• Keywords in outbound links. Of course you should always link to sources of content as an ethical consideration but the bonus of this is that many SEO experts think that linking to relevant and quality sites on the same topic of your post with good keywords can also add credibility to YOUR post also.
  • Keywords in bold tags (try do it at least once)
  • Keywords in heading tags (there is debate over exactly how to use them but it’s generally accepted that h1 tags are important and that h2, h3, h4 etc tags also have an impact. Having said that I’ve seen some pages rank very well in search engines without using heading tags. There are many tutorials online about heading tags – here’s one.)
  • Keywords in image alt tags (here’s how)
  • Keywords in the general throughout the text of your post – but especially early on in the first few sentences
  • Keywords in meta tags (they seem to be less valuable these days but many still believe they are useful with some search engines – here’s a Guide to meta tags)

Of course you can go over the top with keywords in posts and let it destroy your content – but if it fits with what you’ve written tweak it to include the words you are targeting a couple of extra times. Most SEO experts recommend getting your keyword density up to between 5-20% – I think 20% is probably bordering on massacring your content.

One last word of warning and disclaimer on keyword rich content (because I can just hear the comments on this post already) – don’t sacrifice your readers experience of your site just for the sake of SEO. Yes keyword density can be important in climbing the search engine rankings – but more important is that your content and design are user friendly and helpful to readers. There is nothing worse than a site that is stuffed with keywords – these sites come off as cheap, nasty and spammy – don’t fall for the temptation.

Keep in mind keywords that might be specific to the season we are approaching. While during the year there might be less people searching for posts relating to Christmas, gifts, presents, new year sales etc – this time of year will see an increase in these types of searches.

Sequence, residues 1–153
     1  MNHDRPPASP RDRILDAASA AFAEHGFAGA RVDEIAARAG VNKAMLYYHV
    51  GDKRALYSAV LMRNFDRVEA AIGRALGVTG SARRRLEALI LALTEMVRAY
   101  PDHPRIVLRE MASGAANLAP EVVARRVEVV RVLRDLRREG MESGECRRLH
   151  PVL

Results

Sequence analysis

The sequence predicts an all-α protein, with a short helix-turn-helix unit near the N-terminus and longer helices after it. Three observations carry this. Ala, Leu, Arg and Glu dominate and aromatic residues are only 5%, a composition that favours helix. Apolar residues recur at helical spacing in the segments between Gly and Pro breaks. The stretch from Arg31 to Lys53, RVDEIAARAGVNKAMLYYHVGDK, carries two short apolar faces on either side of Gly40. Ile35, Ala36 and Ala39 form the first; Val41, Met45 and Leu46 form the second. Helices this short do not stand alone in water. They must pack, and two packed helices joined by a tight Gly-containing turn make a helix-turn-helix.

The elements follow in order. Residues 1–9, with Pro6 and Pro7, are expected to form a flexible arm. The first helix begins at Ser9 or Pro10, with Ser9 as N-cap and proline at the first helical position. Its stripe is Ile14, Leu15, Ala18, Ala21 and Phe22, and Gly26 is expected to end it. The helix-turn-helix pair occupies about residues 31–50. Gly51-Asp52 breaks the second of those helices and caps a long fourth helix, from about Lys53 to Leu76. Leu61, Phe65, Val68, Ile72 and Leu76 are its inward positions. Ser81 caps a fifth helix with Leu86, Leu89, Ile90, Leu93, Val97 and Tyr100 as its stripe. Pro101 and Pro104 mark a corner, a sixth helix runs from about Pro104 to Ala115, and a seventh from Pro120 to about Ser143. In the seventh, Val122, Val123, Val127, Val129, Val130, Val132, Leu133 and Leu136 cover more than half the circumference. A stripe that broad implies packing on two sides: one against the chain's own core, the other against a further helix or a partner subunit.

2. Themed sites – One of the growing theories of SEO is that you are more likely to rank well if you have a substantial amount of pages on a similar theme. ie a niche topic blog will probably rank higher than a general one that covers many topics. Build a blog with over 200 pages of content on the same theme and you’ll increase your chances of ranking well as SEs will see you as an authority on the topic. The take home advice here is to keep to some kind of a topic/niche/theme for your blog. It is also probably another argument for categories and tagging posts that relate together strongly.

3. Site Design – Search Engines like well laid out, well coded and easily to navigate sites. Make sure your pages validate (I need to work more on this) and that they are viewable on all major browsers. Search Engines don’t tend to like too much Flash, Frames or Java Script in your site – keep it simple and clean and their robots will index your site a lot faster and more accurately. Also try to keep your blog free from dead links (a challenge for those of us with older blogs with big archives).

4. Interlink your Site – The way Search Engines index your blog is to send little robot crawlers to your site to track what you’ve written and follow the links. Make it easier for them to get around your blog by using internal linking wisely. Most SEO experts recommend that you provide some sort of Site Map that means every page on your blog is just a link or two away from every other one. One way to do this for bloggers is to make sure that your category pages are in your sidebars as I do in this blog. Also make sure every page links back to your main page and any other important pages on your site. If you’re writing on a topic you’ve previously written about consider linking to what you’ve written before or use a ‘other relevant posts’ feature at the base of your article. You’ll see in my menus at the top of the page a number of my key categories and articles. One of the impacts of having them highlighted in this way is that they have become some of the most highly ranked pages on ProBlogger simply because they are linked to from every page of this blog. This is a key point in the lead up to Christmas – if you have a few seasonal posts that you particularly want to do well in the SE’s make sure they are linked to from every page on your blog.

5. Update regularly – The more you update your blog the more often Search Engines will send their crawlers to your site to index it. This will mean your new articles could appear in the index within days or even hours rather than weeks. This is a natural benefit of blogging – make the most of it!